The Essence of August

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No wind, no bird. The river flames like brass.
On either side, smitten as with a spell
Of silence, brood the fields. In the deep grass,
Edging the dusty roads, lie as they fell
Handfuls of shriveled leaves from tree and bush.
But ’long the orchard fence and at the gate,
Thrusting their saffron torches through the hush,
Wild lilies blaze, and bees hum soon and late.
Rust-colored the tall straggling briar, not one
Rose left. The spider sets its loom up there
Close to the roots, and spins out in the sun5
A silken web from twig to twig. The air
Is full of hot rank scents. Upon the hill
Drifts the noon’s single cloud, white, glaring, still.
~Lizette Woodworth Reese “August”

 

This poem written decades ago
by a poet now long departed
describes in detail
what I see outside my back door today.
Yet an unknowing detail of her foresight
includes a truth of this August:
her flaming river
is flowing across thousands of acres
only a few dozen miles away,
leaving behind ashes,
and little else.

An essence of August:
drying to dust – only a little
remains of the day.

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Desolaration and Precipilicity

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People who grow up in the Pacific Northwest suffer from peculiar climate-related disorders unique to only to us.   This deserves a page in the next version of the DSM — the diagnostic psychiatric manual:  we in the PNW don’t feel 100% normal unless it is raining.  Summer, especially this summer, can be a very difficult time for us.

In fact, we born and bred web-footers can feel downright depressed when it is sunny all the time.  This summer — actually since May — we’ve had only an inch or so of rain, yielding weeks of nothing but blue skies, dusty paths, dried up creeks, wilting greenery, brown pasture and wildfires.  We groan inwardly when yet another day dawns bright instead of gray, we start to look longingly at accumulating clouds,  and we get positively giddy when morning starts with a drizzly mist.

It’s difficult to say what exactly is at work in brain chemistry in cases like this.  It is the opposite effect of classically described Seasonal Affective Disorder diagnosed especially in those transplants from more southerly climates who get sadder and slowed down with darker days and longer nights.   In people like me, born a stone’s throw from Puget Sound, the more sunlight there is, the more doldrums I feel:  desolaration (desolation from too much solar exposure).   The grayer the day, the wetter the sky–> a lightening of the heart and the spirit:  precipilicity (felicity arising from precipitation).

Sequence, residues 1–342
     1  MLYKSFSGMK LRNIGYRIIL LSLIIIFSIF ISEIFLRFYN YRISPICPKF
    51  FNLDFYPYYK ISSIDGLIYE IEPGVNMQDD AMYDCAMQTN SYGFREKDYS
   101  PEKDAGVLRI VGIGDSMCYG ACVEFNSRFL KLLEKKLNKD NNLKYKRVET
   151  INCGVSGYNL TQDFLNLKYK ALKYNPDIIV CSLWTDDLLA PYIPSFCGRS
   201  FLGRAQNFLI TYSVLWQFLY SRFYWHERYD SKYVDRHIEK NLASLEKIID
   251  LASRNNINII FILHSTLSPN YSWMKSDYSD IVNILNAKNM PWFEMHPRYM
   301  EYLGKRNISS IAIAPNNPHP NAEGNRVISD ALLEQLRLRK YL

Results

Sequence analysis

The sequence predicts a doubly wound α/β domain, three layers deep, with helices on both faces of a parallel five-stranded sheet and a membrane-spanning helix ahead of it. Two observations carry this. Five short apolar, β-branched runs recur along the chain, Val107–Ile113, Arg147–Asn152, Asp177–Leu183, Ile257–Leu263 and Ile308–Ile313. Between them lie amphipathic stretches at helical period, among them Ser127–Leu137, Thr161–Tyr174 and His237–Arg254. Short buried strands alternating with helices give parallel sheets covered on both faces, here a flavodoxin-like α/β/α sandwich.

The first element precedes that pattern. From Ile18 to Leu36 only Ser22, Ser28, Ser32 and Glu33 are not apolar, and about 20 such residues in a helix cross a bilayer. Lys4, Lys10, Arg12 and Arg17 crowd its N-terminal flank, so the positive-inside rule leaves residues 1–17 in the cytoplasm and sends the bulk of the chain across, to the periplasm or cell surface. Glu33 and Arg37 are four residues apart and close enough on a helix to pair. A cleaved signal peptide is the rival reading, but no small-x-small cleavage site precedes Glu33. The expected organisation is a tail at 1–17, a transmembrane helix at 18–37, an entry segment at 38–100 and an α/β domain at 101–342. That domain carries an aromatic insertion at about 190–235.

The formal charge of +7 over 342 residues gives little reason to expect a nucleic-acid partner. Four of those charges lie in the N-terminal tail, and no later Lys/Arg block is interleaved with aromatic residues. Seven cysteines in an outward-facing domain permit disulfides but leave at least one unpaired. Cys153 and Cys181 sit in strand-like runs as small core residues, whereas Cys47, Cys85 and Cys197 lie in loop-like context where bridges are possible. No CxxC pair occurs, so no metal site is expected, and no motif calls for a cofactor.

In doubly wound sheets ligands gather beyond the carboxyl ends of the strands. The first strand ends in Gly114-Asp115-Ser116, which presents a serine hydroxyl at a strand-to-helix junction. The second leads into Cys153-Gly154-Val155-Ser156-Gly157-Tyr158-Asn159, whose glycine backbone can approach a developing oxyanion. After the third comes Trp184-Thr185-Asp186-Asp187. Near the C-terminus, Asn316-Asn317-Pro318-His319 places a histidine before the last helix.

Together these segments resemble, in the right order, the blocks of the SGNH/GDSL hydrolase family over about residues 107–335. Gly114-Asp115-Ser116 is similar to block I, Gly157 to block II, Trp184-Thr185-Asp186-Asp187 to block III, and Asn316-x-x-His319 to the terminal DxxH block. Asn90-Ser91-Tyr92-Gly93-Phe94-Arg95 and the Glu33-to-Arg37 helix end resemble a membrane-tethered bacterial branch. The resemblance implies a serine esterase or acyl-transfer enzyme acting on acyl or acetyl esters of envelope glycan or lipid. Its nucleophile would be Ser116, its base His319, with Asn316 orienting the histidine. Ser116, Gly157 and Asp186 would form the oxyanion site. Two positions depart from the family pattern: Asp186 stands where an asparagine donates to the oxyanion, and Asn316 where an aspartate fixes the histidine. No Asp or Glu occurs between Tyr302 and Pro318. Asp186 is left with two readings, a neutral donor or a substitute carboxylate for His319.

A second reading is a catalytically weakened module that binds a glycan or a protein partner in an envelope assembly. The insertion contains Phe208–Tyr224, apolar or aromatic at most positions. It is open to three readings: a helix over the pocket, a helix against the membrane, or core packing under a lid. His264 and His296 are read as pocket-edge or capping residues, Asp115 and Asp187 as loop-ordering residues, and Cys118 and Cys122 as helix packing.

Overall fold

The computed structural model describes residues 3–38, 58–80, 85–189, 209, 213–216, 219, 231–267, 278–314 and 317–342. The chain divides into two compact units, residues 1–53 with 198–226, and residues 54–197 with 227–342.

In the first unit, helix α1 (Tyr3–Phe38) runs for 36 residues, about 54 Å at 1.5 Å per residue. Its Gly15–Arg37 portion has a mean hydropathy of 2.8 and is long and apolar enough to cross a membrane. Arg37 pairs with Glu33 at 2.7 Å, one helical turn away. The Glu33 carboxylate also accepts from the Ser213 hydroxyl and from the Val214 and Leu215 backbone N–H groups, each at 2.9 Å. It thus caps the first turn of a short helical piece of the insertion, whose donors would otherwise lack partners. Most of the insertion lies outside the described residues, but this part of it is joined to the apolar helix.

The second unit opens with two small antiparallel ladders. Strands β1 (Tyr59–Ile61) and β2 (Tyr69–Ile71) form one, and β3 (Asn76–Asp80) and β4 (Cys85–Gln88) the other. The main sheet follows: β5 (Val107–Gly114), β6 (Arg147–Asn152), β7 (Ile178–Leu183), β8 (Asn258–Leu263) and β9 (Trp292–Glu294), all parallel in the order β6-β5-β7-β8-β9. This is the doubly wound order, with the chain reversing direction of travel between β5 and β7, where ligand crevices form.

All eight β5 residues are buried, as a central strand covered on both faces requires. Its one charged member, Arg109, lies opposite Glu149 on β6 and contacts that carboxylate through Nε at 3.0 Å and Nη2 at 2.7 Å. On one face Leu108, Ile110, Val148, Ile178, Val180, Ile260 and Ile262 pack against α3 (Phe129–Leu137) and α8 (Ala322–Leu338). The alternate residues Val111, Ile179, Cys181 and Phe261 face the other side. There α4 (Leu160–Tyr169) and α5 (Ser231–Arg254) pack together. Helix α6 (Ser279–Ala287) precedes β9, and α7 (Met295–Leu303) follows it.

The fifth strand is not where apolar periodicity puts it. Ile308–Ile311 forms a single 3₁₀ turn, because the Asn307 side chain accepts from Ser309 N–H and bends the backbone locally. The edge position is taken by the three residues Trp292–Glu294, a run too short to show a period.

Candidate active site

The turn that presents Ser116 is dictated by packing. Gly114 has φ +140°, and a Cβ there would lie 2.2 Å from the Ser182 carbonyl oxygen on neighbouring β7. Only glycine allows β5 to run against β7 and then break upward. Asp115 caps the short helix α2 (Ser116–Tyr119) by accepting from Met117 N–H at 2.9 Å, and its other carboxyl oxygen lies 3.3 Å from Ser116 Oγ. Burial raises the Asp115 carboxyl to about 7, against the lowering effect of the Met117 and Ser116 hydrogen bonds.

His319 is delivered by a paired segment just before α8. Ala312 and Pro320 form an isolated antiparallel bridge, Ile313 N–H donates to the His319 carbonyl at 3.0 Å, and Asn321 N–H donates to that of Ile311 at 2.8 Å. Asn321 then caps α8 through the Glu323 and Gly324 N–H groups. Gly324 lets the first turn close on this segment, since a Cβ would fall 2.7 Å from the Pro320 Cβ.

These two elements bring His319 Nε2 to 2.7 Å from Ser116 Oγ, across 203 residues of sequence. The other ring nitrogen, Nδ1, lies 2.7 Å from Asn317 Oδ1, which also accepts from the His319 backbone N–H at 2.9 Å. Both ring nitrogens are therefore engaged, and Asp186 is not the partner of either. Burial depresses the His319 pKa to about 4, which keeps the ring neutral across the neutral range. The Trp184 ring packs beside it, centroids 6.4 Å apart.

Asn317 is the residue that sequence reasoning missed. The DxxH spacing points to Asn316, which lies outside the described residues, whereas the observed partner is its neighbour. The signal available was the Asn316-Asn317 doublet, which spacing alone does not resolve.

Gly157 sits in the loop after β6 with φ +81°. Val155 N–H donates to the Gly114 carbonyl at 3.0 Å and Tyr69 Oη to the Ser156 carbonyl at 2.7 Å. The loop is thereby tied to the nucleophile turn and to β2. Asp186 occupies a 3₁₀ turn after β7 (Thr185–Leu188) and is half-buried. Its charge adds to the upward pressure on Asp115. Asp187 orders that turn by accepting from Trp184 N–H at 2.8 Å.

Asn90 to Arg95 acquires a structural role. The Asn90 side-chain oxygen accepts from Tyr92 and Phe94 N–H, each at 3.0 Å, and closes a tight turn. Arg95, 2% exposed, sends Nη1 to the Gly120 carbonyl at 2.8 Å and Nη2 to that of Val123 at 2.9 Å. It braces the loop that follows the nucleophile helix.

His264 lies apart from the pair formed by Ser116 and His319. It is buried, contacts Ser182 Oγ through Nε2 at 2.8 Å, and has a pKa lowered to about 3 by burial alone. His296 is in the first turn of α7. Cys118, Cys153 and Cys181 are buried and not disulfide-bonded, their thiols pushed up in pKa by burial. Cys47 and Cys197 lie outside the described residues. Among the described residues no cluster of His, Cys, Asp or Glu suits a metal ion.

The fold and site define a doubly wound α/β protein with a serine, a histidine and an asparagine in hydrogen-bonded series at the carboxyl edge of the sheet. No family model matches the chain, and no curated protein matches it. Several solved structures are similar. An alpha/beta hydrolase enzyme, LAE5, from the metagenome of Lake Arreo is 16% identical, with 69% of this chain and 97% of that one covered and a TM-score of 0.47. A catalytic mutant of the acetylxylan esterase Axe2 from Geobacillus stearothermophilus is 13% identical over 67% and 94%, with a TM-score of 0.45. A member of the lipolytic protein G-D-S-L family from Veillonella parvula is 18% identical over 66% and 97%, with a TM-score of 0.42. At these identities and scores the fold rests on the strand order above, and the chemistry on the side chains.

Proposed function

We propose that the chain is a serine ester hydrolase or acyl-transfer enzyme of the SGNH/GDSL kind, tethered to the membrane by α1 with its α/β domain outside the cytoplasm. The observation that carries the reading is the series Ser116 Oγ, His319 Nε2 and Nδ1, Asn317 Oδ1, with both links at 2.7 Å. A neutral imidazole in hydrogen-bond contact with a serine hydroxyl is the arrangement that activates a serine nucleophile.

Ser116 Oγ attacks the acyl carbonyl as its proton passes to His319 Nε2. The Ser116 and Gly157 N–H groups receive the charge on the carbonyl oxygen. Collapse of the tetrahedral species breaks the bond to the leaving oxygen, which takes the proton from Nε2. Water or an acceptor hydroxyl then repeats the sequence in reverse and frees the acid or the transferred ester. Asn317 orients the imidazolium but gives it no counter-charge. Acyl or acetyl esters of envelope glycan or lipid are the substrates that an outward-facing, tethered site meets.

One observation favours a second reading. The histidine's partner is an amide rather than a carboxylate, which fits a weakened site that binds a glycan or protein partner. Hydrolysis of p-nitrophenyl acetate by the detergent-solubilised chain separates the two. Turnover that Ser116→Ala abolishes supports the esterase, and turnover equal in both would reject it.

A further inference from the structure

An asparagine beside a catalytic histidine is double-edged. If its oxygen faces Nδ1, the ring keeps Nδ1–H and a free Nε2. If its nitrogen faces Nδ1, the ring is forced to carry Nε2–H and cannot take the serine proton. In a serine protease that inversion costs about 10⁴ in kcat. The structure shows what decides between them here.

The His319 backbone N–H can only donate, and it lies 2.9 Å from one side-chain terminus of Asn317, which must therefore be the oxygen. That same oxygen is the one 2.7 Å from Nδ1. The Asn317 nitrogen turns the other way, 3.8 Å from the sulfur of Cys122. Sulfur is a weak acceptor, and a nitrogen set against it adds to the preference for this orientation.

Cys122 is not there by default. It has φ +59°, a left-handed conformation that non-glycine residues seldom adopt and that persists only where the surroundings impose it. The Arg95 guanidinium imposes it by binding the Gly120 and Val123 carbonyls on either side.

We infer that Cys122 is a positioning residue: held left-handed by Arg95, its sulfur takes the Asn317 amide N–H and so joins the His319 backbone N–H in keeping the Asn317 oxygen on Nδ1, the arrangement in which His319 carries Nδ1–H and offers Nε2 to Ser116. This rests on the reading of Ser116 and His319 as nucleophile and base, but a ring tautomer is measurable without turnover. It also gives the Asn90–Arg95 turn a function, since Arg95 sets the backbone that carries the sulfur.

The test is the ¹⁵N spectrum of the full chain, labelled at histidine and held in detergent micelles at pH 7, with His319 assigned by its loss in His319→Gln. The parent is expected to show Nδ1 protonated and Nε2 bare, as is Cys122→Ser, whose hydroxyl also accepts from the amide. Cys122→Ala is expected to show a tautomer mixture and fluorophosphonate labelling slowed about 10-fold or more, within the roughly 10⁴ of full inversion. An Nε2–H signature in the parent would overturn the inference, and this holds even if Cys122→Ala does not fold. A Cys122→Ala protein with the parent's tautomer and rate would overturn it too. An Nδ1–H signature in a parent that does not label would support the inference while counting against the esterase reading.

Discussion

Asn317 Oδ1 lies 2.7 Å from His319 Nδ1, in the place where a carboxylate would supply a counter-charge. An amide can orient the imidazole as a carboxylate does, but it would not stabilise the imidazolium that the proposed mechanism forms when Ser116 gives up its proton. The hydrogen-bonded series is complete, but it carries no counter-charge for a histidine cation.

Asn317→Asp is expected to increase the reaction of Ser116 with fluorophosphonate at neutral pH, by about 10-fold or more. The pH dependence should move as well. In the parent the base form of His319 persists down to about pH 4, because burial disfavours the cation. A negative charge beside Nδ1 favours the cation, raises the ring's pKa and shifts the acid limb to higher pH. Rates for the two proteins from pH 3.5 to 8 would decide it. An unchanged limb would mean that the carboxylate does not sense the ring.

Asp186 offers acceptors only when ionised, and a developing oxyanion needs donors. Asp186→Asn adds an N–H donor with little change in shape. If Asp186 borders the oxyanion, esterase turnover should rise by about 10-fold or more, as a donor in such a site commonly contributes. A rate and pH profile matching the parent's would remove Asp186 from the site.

Like most northwesterners, I have low Vitamin D levels even in the summer.  It just isn’t seemly to expose all that skin to UV light.

So I’m longing for the profound relief of a rainy summer day, thank you.   There would be no internal conflict about feeling compelled to go outside to work up a sweat and soak up the elusive sun rays.   There would only be the cozy invitation to stay inside to read and write and sleep.

I know I’m not alone in this disorder.  Many of us are closet sufferers but would never admit it in polite company.  To complain about sunny days is perceived as meteorologically incorrect.  It is time to acknowledge that many of us are in this together.

Robert Frost (definitely not a northwesterner) confessed his own case of desolaration in the first stanza of his poem November Guest:

My Sorrow, when she’s here with me,
Thinks these dark days of autumn rain
Are beautiful as days can be;
She loves the bare, the withered tree;
She walks the sodden pasture lane.

And Jack Handey, the satirist, summarizes the real reason for the guilty pleasure of the northwest native in liking rain:

“If a kid asks where rain comes from, I think a cute thing to tell him is ‘God is crying.’
And if he asks why God is crying, another cute thing to tell him is ‘Probably because of something you did.”

Okay, okay, perhaps this is the explanation for our extended drought.  It appears this summer we’ve all been far too well-behaved.

It’s time to do something about it…

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Lenten Grace — Merciful Dew

photo by Josh Scholten
photo by Josh Scholten

He hath abolished the old drought
And rivers run where all was dry,
The field is sopp’d with merciful dew
He hath put a new song in my mouth.
~Gerard Manley Hopkins

When I have no voice left, He gives me a song I can still sing.
When I run dry, He replenishes.
When I wither, His merciful dew
restores and readies me for a new day.

I am stopped astonished,
sopped and mopping up,
spilling over in His grace.

photo by Josh Scholten
photo by Josh Scholten

Lenten Grace — Streams in the Desert

photo by Kathy Yates
photo by Kathy Yates

Then will the eyes of the blind be opened
    and the ears of the deaf unstopped.
Then will the lame leap like a deer,
    and the mute tongue shout for joy.
Water will gush forth in the wilderness
    and streams in the desert.
The burning sand will become a pool,
    the thirsty ground bubbling springs.
In the haunts where jackals once lay,
    grass and reeds and papyrus will grow.
Isaiah 35: 5-7

And so we will not remain mere dust in the ground.

The dry wilderness bubbles with streams and gushes with falls.
The barren grows fruit.
The impossible becomes possible.

We are paradox.

Once dead, we live again.

photo by Kathy Yates
photo by Kathy Yates